I too am new to riding and half way through my MSF course. I began this venture in the beginning of June and would like to thank all of you for your comments and advice which gave me hope and kept me going escpecially during the very low times. Now its my turn to pay back and share my experience. I am shy of 55 years old and my only experience on a bike was as a passenger for the last two years on my husband's bike. With my nest now empty, I decided to try riding. Never having been a risk taker and in the habit of overthinking I was overwhelmed with fear. Before the start of my MSF course, I took about 4 hours of private lessons on my instructor's Sportster. First 2 hour lesson, I dumped the bike in the first 10 minutes when I inadvertently leaned the bike to the left and lifted my left leg. In the 2nd lesson, half way through, I had a mishap when I grabbed the front break in a panic moment with the wheel turned to the right. The bike and I went down hard with the handle bars hitting me on the forehead. Huge goose egg, two black eyes, bruised nose and bruised left foot and legs, 5 minutes later I got back on and after a few rides, did it again but this time I knew what I did wrong and anticipated the bike going down. Yesterday, I dumped the bike at the MSF class when I didn't look where I was going and today in the parking lot when spooked by a car coming at me but picked my bike up myself. Not afraid of falling any more. Here is what I have learned. The MSF course moves very quickly and if you have any concerns or want to remove the unknown, I suggest having private lessons (it did help). Not sure if I will pass the skills test (I think I'm the worse student), but that's not what's important. What's important is going at your own pace and comfort level. I have not been able to do some or portions of some of the exercises but I do what I can and keep trying. If you are serious about wanting to ride, you should get a bike. I wanted a Harley when naive and now very happy with my Honda Rebel -- great beginner bike. You need a bike to practice on and that practice should be as close to daily as possible. My husband who has been riding 40 plus years rides my Rebel to the parking lot and works with me. Over this 4 day holiday weekend, I intend to practice the skills learned at the MSF and give it my best shot during the skill test next week. All I can say that July 1 I was skittish and unsure. Could barely get the bike going and so afraid of the throttle. Today, I can get my feet up quickly, got it into second and downshifted to first, made lots of turns, controlled stops and the fear is gone. I have a long way to go in learning how to control my bike to make me a safer rider on the street but practice makes perfect and I'm having a blast learning and the sense of accomplishment when I achieve another milestone -- keep at it and good luck. If I can do it so can you.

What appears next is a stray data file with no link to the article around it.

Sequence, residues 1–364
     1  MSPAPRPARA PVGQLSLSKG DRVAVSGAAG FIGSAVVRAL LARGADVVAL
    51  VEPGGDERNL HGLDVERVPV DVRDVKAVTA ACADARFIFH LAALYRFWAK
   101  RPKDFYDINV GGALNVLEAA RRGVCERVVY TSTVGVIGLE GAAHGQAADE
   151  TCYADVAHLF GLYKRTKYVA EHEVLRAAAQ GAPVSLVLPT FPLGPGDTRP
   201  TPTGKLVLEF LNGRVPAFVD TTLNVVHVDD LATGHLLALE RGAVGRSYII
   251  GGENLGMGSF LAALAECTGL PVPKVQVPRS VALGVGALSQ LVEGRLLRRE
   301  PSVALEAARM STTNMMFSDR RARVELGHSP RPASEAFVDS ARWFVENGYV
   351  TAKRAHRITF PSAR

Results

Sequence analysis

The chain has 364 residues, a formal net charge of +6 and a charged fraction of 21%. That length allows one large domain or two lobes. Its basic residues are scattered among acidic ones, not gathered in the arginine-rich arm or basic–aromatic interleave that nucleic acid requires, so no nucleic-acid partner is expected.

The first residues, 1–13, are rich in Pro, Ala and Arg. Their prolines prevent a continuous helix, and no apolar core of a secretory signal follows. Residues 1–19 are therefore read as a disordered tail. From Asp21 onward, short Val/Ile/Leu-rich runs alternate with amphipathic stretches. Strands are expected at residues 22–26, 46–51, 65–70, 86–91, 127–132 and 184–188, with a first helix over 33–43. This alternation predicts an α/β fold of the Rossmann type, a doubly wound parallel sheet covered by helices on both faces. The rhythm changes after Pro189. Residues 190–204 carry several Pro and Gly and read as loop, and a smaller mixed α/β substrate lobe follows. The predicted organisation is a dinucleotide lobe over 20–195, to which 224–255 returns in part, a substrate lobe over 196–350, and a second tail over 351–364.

Jul 03, 2013